VANGUARD OF THE PROLETARIAT? COMMUNISTS AND UNIONS IN SHANGHAI AND BOMBAY, 1927–1929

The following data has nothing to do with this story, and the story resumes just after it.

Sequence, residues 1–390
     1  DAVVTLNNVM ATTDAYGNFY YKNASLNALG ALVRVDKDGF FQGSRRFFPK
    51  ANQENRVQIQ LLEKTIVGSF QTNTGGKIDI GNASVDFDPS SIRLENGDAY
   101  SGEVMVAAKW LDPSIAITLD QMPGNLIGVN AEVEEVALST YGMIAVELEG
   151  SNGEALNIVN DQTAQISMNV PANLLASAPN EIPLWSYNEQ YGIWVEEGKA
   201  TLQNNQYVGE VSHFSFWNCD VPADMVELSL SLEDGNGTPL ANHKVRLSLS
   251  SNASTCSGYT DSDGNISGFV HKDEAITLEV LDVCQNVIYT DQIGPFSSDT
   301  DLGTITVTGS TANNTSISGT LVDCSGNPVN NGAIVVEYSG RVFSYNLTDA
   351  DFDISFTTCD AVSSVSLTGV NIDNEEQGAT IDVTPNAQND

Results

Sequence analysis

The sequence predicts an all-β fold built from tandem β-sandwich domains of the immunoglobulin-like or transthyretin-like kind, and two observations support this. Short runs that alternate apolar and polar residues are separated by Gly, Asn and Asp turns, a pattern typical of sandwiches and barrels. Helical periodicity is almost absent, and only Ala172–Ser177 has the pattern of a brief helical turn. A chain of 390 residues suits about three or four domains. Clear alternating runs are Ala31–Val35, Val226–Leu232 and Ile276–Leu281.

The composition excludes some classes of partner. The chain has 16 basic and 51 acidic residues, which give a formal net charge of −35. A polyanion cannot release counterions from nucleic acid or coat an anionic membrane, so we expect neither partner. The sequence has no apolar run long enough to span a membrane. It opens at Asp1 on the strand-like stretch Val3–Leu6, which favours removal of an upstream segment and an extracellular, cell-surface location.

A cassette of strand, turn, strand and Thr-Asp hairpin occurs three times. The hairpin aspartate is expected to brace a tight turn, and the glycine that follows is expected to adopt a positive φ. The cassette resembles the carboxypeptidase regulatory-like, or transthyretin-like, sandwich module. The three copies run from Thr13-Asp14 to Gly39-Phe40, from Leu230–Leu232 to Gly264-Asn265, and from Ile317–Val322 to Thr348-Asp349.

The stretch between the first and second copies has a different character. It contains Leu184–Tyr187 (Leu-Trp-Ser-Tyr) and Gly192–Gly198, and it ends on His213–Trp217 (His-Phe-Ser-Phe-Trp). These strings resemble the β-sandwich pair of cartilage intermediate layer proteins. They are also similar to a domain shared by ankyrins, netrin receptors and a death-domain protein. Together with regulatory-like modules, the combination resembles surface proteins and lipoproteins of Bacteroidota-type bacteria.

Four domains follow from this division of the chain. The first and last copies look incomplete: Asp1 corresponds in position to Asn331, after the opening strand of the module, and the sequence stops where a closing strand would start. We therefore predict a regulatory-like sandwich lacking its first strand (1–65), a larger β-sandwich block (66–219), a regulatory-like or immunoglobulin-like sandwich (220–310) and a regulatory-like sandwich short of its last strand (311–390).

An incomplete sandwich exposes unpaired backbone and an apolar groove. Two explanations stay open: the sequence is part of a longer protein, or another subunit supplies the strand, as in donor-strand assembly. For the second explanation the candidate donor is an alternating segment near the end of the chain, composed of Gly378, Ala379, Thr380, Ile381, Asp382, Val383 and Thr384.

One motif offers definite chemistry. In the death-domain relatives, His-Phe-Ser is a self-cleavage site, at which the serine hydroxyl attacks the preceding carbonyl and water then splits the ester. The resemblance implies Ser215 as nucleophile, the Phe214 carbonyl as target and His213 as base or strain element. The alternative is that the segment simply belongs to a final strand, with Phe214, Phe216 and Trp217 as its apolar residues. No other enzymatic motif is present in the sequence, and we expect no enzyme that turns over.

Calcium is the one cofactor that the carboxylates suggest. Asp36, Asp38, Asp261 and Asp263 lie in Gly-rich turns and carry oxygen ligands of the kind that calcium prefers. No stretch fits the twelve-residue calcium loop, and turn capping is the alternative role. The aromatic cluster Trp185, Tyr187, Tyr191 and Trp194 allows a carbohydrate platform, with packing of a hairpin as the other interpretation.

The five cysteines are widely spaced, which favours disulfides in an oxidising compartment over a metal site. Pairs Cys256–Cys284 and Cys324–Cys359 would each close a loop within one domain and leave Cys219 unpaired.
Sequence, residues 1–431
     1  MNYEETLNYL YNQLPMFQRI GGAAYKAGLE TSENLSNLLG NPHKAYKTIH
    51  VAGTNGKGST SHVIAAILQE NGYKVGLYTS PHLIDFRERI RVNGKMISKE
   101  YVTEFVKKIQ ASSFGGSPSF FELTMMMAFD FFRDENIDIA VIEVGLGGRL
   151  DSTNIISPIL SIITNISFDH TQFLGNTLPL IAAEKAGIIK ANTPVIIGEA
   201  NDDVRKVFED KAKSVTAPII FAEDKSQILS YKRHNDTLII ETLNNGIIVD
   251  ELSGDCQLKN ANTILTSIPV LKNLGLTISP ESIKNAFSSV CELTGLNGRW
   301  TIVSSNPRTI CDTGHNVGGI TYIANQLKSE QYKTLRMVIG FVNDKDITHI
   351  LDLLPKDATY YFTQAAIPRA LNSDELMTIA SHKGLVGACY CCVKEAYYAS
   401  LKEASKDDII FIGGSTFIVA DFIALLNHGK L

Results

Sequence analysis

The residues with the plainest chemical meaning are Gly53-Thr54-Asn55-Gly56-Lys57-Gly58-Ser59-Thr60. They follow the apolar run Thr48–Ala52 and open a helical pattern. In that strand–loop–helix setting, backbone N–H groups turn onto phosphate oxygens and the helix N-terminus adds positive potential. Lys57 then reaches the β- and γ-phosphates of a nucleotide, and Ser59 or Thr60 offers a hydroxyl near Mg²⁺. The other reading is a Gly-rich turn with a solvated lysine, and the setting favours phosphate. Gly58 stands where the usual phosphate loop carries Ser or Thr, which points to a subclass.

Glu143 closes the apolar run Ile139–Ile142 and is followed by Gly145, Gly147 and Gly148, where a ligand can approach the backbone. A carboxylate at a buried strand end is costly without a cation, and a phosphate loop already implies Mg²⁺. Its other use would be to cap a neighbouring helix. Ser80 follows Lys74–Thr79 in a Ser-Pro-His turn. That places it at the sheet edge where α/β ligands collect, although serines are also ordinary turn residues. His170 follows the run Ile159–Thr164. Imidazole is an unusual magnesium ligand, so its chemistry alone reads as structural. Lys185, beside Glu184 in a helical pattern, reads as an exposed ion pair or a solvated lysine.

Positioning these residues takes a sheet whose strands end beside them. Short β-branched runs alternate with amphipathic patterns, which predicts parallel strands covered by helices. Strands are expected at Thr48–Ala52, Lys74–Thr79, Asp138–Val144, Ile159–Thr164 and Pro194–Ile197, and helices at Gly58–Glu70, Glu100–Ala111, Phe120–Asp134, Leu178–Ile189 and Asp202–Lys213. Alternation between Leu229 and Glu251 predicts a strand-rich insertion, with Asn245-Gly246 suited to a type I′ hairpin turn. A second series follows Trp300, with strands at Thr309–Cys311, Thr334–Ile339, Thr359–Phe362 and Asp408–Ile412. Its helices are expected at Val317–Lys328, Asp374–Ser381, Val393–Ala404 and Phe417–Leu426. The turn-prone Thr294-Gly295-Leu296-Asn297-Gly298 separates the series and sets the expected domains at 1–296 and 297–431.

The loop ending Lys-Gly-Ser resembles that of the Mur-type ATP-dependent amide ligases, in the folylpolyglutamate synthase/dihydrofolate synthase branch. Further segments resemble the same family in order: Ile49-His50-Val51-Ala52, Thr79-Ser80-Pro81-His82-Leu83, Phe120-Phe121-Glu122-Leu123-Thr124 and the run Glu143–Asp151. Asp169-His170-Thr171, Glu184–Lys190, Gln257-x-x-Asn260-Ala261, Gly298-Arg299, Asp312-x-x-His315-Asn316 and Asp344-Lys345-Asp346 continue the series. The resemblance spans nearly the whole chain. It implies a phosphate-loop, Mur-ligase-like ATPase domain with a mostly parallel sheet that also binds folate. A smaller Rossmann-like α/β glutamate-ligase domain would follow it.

The crushing of the insurrection was a shattering blow to trade unionism in Shanghai and the political status of the Communist Party throughout China. Bombay and Shanghai were centres of communication by railway, river-boat or the printed word, and both drew a large part of their population from the country areas, so that an urban politician could speak through his immediate audience to a wider public in the surrounding provinces. Trade unions mushroomed in the wake of the victorious armies, especially in the heavy industries of cities like Hankow and in communications services like the post office, but also among a variety of non-industrial workers like hand-cart coolies. In March 1926 Chiang put Canton under martial law, arrested a number of Russian and Chinese communists and closed down some of the local trade unions. As the largest industrial centre in China Shanghai seemed to have the makings of a power base for the communists.